The institutional crisis facing Argentina remains open in spite of the resignation of the Central Bank president Martin Perez Redrado and is centred on whether the Executive can put its hands on the international reserves to pay sovereign debt.
The decision could depend on Vice-president Julio Cobos who although elected in the ticket with President Cristina Fernandez de Kirchner, has since mid 2008 marked his own path when he cast the decisive vote in the Senate favouring protesting farmers in a long dispute with the government over taxes.
“For the government there is no such resignation, it can’t be accepted because the special Congressional commission must take position on the issue”, said cabinet Chief Anibal Fernandez in a new escalation of the month long crisis.
The special congressional commission must decide next Tuesday on Perez Redrado’s ousting by a decree signed by President Cristina Kirchner and which argues “poor performance of his duties” by the banker.
The government had to back step on the sacking decree and have it put to congressional consideration following Perez Redrado’s request, and support from a court, that such a measure be considered by Congress as established in the bank’s charter.
However opposition Senator Ernesto Sanz said that what really matters, “is not whether Redrado goes or is sacked, the core of the issue is the use of the bank’s reserves and it is on this that Congress must take a decision”.
Perez Redrado shook the administration of Mrs. Kirchner when he refused to comply with a “necessity and urgency” decree ordering the Central Bank to supply 6.5 billion US dollars for a Bicentennials Fund, with international reserves, to pay for government international debts.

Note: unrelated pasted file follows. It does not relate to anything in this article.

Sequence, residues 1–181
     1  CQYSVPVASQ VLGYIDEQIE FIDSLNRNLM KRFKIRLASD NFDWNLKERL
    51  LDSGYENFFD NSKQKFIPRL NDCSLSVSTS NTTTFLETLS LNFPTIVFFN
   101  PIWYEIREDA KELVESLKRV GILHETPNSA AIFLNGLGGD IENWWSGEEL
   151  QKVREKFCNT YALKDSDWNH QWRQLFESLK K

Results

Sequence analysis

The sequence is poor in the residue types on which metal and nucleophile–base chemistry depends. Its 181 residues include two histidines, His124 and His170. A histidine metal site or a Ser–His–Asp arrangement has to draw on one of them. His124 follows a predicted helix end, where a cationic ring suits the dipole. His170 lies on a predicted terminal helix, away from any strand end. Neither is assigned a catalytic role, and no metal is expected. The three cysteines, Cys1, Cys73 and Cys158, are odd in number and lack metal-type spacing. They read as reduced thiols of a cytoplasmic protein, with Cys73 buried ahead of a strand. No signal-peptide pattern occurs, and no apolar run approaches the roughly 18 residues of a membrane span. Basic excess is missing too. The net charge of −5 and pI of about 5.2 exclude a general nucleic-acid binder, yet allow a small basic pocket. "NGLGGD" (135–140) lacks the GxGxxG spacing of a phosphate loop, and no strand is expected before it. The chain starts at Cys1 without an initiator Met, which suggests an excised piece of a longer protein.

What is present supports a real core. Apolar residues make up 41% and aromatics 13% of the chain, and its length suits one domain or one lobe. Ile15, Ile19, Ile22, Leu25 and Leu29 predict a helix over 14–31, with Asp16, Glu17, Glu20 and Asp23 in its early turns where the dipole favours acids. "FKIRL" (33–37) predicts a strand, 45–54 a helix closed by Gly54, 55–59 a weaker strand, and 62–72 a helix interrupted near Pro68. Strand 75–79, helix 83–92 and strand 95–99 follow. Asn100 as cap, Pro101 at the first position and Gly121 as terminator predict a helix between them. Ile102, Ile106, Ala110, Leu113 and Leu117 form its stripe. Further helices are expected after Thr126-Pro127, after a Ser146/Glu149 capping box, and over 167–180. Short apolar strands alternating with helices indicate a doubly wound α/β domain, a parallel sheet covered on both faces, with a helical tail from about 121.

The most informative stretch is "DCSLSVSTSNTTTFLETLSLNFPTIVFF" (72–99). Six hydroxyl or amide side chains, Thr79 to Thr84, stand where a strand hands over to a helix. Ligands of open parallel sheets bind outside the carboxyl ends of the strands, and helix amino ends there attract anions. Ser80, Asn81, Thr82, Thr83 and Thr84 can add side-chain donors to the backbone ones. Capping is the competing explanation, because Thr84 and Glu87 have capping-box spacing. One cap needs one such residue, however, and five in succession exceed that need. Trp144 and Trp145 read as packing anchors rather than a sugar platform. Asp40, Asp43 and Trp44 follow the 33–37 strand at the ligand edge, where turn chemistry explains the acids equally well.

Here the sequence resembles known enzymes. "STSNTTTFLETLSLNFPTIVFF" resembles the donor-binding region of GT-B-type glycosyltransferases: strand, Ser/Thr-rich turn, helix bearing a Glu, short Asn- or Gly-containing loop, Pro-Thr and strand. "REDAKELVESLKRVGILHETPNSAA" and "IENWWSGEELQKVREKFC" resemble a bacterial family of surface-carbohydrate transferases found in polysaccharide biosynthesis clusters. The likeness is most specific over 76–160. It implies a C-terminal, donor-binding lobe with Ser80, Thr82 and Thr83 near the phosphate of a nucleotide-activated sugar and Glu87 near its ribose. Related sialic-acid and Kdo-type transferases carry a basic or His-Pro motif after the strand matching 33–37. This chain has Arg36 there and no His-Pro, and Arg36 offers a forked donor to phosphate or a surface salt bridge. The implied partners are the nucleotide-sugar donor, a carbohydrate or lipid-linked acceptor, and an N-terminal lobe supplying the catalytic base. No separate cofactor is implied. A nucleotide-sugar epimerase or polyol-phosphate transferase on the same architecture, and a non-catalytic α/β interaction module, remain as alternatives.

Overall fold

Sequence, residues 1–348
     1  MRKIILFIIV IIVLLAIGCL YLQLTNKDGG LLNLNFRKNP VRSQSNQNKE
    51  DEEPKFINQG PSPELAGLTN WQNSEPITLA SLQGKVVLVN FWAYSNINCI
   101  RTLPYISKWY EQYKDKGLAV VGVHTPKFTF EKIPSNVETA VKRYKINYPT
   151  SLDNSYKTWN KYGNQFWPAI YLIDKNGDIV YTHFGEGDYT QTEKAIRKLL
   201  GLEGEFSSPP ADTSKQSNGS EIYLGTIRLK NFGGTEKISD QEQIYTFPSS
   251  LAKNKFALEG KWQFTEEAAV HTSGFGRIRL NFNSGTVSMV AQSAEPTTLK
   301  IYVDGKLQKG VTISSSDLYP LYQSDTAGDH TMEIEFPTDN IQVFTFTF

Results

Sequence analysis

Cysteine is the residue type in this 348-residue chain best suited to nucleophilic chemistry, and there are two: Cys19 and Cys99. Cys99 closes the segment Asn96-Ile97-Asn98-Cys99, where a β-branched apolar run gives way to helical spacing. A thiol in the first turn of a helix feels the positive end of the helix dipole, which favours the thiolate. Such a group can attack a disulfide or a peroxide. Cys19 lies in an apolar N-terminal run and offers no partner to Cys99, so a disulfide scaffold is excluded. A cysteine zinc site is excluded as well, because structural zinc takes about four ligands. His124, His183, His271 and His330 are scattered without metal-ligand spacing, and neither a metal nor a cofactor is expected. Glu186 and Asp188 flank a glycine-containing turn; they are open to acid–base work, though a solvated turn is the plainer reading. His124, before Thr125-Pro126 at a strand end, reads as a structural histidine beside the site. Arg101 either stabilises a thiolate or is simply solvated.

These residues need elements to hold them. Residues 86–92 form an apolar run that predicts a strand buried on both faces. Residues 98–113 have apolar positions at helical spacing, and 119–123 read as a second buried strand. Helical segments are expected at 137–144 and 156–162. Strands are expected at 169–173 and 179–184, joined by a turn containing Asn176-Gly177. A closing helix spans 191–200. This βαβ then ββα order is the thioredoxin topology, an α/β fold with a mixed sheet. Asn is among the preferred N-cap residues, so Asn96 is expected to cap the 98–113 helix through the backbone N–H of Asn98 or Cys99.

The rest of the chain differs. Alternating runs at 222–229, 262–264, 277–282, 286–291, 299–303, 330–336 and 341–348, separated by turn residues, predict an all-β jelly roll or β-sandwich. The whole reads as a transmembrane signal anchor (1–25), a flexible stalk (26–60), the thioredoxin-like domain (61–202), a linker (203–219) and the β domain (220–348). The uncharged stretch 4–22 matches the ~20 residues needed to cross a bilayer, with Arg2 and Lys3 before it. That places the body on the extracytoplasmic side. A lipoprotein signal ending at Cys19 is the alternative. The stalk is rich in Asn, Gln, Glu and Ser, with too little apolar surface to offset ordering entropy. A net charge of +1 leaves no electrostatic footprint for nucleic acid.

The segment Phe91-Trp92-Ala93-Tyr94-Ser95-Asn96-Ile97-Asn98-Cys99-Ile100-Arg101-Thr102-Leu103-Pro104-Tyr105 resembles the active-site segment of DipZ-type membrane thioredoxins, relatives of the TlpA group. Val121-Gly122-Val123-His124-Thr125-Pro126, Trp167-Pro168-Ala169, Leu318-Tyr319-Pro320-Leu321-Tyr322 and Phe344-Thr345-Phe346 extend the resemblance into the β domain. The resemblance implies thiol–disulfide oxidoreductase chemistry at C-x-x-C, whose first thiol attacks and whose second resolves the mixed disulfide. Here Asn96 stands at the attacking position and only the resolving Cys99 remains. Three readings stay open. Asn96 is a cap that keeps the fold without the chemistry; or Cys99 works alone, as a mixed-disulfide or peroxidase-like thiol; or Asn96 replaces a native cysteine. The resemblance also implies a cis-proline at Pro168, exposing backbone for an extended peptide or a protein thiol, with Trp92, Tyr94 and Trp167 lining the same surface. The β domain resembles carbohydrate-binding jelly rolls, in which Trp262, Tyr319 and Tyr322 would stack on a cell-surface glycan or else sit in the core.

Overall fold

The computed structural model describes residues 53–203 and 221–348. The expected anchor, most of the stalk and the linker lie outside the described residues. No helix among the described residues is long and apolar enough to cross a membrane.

However on forcing the three member commission to take a vote on Redrado’s resignation, since one of its members represents the government and the other the opposition, it will be Vice president Cobos who will be interpreting if Mrs. Kirchner is entitled to sack the president of the Central Bank.
If he accepts the principle, his image and the presidential-hopeful best positioned for 2011 could crumble; if he rejects it and insists that the final decision on autarchic Central Bank issues rests on Congress, there will be mounting pressure from the Kirchner couple’s for his ousting since he’s an “enemy”, a “conspirator” who really wants to end the current presidential mandate (by having Mrs. Kirchner ousted or forced to resign).
That was part of the heavy barrage fired on Cobos when Mrs. Kirchner decided at last minute to cancel a much expected and announced week’s visit to China, Argentina’s second most important trade partner.
“I can’t travel overseas when I have someone in my post who I can’t trust”, said Mrs. Kirchner at the moment.
The truth is Cobos would rather let the Kirchners standing continue to deteriorate and have Cristina Kirchner end her four year term, while his institutional stature keeps gaining public opinion support.
“If they want me out they can ask Congress to impeach me”, replied Cobos.
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Cristina,Feb 05th, 2010 - 06:09 pm 0
Cristina, I am good at archey.